Qantas has just announced that it’s ending its long standing alliance with British Airways (and Cathay Pacific and Air France), and shacking up with aviation powerhouse Emirates to reroute its MEL/SYD-LHR services through Dubai.
But what does that actually mean for you, the traveller who probably never flew Qantas to Europe anyway? And is it a smart move or just the desperate flailing of a company that recently announced a full year loss of $244 million, and continues to bleed money from its international routes?
I’m coming down on the side of smart move. Or at least potentially smart move, if they do it correctly.
When I first heard the announcement my initial thoughts were entirely selfish. I fly to London from time to time and I’m pretty keen about having another option to earn and use Qantas frequent flyer points on the MEL-LHR route, while travelling with a carrier that isn’t Qantas.
I’ve long been of the opinion that Singapore is a terrible stop when travelling from Australia to Europe; you land in Singapore already feeling terrible after eight hours of flying, then you get back on the plane for another 13 hours. Awful. Going through Dubai gets the long leg out of the way first on the outbound trip, which I personally think is superior.
Plus, Emirates has a truly excellent network of flights connecting Dubai with Europe and the rest of the Middle East. It is the largest international carrier, and this deal opens up that extensive network for Qantas customers.
And should you wish to fly with BA or Cathay it’s not like you’re missing out on delicious Qantas frequent flyer points – both are One World partners while Emirates is not, and has no intention of becoming one. It’s also a good countermeasure to combat Virgin’s partnership with Etihad.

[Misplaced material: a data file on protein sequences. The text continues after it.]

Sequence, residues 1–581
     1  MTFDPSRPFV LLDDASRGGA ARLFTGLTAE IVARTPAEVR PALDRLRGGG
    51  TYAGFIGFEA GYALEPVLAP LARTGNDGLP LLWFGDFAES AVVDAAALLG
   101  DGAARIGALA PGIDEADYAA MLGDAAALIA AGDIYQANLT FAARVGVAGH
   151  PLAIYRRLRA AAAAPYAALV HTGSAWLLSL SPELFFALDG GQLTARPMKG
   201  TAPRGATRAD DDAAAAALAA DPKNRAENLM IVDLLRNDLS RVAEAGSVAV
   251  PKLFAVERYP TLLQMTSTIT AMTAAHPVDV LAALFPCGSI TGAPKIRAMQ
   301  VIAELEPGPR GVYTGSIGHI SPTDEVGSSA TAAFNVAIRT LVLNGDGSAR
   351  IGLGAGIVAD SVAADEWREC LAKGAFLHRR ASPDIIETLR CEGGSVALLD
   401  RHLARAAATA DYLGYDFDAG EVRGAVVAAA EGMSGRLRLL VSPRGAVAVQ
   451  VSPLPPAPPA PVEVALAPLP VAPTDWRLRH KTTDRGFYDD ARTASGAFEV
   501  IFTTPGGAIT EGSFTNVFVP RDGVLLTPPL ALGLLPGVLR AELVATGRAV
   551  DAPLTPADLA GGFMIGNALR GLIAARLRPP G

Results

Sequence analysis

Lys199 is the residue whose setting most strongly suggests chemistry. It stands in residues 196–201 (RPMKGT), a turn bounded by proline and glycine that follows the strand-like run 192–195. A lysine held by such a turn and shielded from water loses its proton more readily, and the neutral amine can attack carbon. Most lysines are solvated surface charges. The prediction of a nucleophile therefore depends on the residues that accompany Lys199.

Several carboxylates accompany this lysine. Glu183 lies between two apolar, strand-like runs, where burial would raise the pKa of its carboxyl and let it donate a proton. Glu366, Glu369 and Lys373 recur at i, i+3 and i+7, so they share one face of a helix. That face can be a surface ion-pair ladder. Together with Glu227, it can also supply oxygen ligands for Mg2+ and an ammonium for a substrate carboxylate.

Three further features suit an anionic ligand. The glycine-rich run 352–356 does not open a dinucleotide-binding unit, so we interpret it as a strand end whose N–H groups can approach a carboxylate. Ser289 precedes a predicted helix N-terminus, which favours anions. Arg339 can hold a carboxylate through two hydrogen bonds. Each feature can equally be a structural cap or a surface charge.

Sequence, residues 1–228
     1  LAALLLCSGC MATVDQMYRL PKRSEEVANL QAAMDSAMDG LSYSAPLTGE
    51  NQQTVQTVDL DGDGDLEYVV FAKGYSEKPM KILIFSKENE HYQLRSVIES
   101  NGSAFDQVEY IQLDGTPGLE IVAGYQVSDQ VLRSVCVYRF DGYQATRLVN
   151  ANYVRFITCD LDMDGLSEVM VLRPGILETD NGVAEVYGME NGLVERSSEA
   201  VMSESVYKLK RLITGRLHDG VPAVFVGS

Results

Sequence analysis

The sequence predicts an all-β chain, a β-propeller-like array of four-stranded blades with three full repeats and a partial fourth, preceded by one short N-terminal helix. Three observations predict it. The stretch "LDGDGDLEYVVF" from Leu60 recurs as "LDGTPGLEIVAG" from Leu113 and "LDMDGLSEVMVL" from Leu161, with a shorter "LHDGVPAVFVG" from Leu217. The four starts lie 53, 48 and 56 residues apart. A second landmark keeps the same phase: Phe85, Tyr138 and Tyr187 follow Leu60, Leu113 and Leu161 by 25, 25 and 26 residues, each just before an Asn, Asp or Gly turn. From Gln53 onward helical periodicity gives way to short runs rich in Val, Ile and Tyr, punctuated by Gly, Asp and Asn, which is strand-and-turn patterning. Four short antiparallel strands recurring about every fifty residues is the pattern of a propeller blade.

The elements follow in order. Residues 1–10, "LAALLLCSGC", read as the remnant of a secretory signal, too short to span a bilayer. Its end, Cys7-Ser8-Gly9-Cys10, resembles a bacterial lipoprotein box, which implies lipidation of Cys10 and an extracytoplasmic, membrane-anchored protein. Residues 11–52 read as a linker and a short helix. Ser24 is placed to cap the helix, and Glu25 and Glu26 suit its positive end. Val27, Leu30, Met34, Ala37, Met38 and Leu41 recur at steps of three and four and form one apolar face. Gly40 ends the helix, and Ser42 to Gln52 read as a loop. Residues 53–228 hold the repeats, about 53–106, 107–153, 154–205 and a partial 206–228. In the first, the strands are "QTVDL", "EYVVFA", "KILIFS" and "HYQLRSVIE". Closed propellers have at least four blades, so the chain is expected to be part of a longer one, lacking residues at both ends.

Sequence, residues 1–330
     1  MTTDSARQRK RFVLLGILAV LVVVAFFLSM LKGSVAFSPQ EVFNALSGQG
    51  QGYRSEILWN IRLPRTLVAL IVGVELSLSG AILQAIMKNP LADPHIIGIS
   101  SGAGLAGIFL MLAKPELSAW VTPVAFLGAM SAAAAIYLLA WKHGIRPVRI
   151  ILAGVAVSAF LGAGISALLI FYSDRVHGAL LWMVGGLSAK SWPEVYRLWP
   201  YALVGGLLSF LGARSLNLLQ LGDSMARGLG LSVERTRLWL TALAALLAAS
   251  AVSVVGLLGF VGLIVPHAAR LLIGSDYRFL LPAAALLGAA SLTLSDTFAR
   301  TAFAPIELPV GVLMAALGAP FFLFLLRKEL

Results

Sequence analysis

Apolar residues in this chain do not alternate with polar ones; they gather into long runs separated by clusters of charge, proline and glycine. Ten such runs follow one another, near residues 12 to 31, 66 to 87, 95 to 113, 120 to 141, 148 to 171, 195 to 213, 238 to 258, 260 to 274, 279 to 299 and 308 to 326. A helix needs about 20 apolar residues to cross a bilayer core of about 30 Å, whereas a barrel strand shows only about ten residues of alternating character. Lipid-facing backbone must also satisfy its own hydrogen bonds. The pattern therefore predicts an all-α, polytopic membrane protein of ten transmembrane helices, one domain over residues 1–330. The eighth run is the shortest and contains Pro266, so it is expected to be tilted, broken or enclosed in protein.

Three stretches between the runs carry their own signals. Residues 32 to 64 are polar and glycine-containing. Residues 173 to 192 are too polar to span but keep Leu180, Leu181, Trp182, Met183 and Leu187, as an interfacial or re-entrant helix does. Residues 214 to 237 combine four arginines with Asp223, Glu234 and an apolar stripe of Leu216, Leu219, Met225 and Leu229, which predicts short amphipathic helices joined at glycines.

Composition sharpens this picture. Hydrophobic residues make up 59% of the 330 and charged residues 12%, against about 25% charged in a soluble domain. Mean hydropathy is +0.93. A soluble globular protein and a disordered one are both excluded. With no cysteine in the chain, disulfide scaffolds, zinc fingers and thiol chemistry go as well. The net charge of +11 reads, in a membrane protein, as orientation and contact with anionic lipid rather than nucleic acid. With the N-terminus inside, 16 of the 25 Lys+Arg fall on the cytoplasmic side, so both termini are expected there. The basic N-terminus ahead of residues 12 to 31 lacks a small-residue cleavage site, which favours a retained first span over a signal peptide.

So this does expand choice for Australians flying to Europe. But Europe isn’t really what this announcement is about.
I’ve seen a number of people ask what the point of this realignment is; Qantas partnering with Emirates and routing through Dubai isn’t likely to make them fly Qantas, and chances are they were already likely to fly Emirates.
As it turns out, Alan Joyce has actually told us the point, and it’s reinforced on an FAQ sheet that Qantas has provided:
Previously our services to Singapore and Hong Kong were timed to optimise travel through to Europe. We will retime our existing services to Singapore and Hong Kong offering an improved schedule dedicated to better meet the needs of the Asia market.
This is actually about Asia. And that is smart.
Currently, services to Singapore and Hong Kong still feel a little like an afterthought for Qantas: there’s a real sense that Asia is a place to stop over before continuing on to Europe. But that’s not really how Australians do business any more.
Shifting the stopover to Dubai for Qantas’ Europe operations frees up Singapore and Hong Kong to act as final destinations, rather than stops that must coordinate with flights to London. There’s great potential for Qantas to fix its scheduling to Singapore and Hong Kong, and try to aim for some of the business traveller market currently being serviced by Singapore Airlines and Cathay Pacific.
If this is in fact the strategy, it fits with Qantas’ ambitions for Jetstar. Jetstar has been espousing a business model focused on transporting Australian tourists to various destinations within Asia for some time now, and if it’s good for Jetstar, there’s an argument to be made that big sister Qantas would do well with a similar strategy focusing on business travellers.
Of course, the success of this strategy will depend very much on Qantas’ ability to win business travellers to Asia back from Singapore and Cathay–a tough ask; both carriers are highly competitive and very well regarded.
So I’m pro this announcement. Ultimately, Qantas has to do something about its poor international performance – this is a bold move, but one that has the potential to pay off for both Qantas and customers in the end.
Image by Neerav Bhatt via Creative Commons Licence